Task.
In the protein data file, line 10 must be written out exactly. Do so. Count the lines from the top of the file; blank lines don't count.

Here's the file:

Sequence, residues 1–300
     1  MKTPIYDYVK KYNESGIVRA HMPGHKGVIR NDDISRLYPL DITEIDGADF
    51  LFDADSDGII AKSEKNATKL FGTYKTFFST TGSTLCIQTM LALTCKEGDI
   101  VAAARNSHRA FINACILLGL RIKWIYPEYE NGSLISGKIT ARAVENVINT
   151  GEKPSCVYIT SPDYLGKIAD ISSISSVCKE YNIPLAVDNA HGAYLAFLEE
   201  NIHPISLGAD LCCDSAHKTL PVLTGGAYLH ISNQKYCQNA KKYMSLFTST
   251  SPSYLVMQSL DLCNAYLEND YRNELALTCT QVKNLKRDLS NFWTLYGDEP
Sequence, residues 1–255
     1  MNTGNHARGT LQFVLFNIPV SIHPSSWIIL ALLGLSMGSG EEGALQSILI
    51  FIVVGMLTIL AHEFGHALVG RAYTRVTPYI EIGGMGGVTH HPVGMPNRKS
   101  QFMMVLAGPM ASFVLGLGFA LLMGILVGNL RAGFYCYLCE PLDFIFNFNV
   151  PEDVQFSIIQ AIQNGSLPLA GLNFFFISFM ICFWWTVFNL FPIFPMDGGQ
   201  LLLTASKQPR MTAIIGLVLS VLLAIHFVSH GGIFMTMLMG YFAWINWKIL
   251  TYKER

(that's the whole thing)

    51  FIVVGMLTIL AHEFGHALVG RAYTRVTPYI EIGGMGGVTH HPVGMPNRKS